Whereas assessment for membership to any of the competent persons schemes, is to ensure you are competent to do work that complies with BS7671.  Your assessor has no idea if the homeowner has notified the work themselves, or if the LABC have checked the work themselves. They have no idea if you have paid for an LABC contractor to check the work you have done.

 

Doc H.

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yep, building regs compliance is the property owners responsibility, being part p registered and notifying work is just doing them a favour

 

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  • 1 month later...
9 minutes ago, Luckyboy said:

Thanks all - appreciate it! Feel much better going to my assessment now. 

 

 

At the end of the day its not like going for a job interview where you are the one who wants the job..

but the employer has the upper hand and can make the choice for or against you..

 

You just have to remember that for whoever you choose to join..

 

(1) You are looking to be their customer.. 

(2) You will be paying money to pay their wages..

(3) You could choose to join another scheme provider..

(4) You are under no obligation to join any scheme at all, As you can still pay an LABC direct yourself.

 

And a fundamental rule of business is "look after your customers" as they pay your bills!!!

Just as you need to look after your customers, as you want them to keep paying you money and not go elsewhere...

 

The various scheme providers will want to keep their customers rather than losing your enrolment fees to a competitor!!

 

So basically you have just as much control over the assessment proceedings as they do..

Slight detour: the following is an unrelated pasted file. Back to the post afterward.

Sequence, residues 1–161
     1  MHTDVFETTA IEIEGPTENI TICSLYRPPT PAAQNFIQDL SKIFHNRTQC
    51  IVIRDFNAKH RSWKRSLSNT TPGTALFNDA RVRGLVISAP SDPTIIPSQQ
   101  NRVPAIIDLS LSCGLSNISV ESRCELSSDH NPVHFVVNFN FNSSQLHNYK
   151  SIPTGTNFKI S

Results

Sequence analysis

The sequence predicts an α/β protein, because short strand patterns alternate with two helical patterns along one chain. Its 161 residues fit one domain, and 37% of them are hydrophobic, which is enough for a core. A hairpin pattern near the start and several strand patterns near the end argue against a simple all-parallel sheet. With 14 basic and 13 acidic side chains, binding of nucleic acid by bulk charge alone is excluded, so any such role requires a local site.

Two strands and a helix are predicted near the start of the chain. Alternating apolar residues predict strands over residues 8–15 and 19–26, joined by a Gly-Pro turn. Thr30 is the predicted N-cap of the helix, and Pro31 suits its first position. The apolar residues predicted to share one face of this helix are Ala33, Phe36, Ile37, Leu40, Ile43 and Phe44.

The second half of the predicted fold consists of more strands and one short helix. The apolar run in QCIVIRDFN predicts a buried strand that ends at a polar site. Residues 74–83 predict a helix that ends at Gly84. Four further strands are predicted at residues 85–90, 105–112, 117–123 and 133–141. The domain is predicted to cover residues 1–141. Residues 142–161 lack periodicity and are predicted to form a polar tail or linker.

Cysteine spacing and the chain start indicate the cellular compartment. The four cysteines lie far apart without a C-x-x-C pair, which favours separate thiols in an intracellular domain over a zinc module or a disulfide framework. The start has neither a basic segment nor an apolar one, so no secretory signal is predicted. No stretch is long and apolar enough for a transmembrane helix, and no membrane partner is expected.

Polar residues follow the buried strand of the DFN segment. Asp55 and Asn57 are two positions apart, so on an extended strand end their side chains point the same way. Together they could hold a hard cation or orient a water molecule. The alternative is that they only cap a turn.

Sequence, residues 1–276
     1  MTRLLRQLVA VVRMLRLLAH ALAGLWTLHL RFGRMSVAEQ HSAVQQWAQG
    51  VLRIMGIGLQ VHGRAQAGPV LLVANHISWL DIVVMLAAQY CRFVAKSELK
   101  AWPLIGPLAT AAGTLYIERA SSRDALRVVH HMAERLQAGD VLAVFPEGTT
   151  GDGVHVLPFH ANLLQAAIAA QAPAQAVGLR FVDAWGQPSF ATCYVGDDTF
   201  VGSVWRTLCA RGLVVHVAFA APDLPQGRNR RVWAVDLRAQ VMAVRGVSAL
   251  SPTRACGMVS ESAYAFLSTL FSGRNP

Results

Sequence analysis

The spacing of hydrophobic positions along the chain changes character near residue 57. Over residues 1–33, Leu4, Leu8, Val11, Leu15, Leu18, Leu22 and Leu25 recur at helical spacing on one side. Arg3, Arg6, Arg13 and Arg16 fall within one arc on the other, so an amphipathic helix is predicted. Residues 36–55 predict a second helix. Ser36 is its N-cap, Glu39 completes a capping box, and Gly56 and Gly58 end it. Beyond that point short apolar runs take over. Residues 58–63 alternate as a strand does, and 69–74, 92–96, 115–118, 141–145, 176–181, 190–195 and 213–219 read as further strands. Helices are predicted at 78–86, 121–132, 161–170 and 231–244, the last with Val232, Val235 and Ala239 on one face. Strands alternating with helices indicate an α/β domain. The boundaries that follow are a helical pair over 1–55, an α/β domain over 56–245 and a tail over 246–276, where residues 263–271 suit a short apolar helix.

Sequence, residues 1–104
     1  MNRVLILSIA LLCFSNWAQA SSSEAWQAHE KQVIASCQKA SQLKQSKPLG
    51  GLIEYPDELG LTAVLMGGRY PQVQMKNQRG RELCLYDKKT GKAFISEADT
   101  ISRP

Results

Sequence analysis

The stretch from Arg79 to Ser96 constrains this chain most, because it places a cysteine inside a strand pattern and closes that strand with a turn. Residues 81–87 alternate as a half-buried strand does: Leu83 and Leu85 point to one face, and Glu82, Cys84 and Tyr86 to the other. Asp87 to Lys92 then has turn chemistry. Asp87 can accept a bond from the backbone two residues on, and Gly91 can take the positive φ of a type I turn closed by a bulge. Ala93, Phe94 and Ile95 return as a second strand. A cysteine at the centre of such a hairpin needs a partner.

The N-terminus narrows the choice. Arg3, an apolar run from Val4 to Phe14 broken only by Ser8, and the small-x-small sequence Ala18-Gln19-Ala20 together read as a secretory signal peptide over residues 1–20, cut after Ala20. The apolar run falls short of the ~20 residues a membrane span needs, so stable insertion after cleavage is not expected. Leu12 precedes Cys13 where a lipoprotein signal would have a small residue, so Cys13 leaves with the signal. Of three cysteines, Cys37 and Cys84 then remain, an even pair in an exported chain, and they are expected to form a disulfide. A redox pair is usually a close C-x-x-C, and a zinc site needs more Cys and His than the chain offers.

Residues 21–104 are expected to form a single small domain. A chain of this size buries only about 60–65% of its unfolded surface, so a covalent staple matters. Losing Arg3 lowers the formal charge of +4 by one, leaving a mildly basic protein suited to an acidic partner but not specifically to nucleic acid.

This is of course assuming you are not a complete and utter incompetent block-head who shouldn't be allowed near anything electrical above a 12v Scalextric track!!

:)     Guinness    

 

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Appreciate it, special location! 
 

I mean, I’ve paid 75% of the first year already through instalments (cheeky if you ask me). So I can’t see them saying “you know what, here’s your money back”. 

I’ve got a 48V track… haven’t shocked myself yet… something to do with touch voltage? 😉

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Also..

 

remember the bods doing an assessment will always be looking with a fine tooth comb for some observations or comments about your example work/documentation..

 

as otherwise they wont have much evidence for their bosses that they are doing their job right!!

 

If they just passed everyone, with no comments/observations they would look as though they haven't really checked anything!    

 

e.g.

Providing the measured max Zs is correct in relation to the protective device..

writing an incorrect max permissible Zs on an electrical certificate, is not actually much of a safety issue..

OR..

ticking the wrong box for the earthing arrangement... 

(as 99% of customers can't understand the majority of the numbers written on the certificate anyway)..

 

But an assessor would love this type of mistake as they can report an error on their assessment about your work, that they have highlighted to you!

 

There are a whole bunch of academic errors that have no safety issues..

yet assessors seem to be trained to spot!!   

 

So don't panic.. when they appear to be questioning some aspect of the job during an assessment..

 

Guinness   

Edited by SPECIAL LOCATION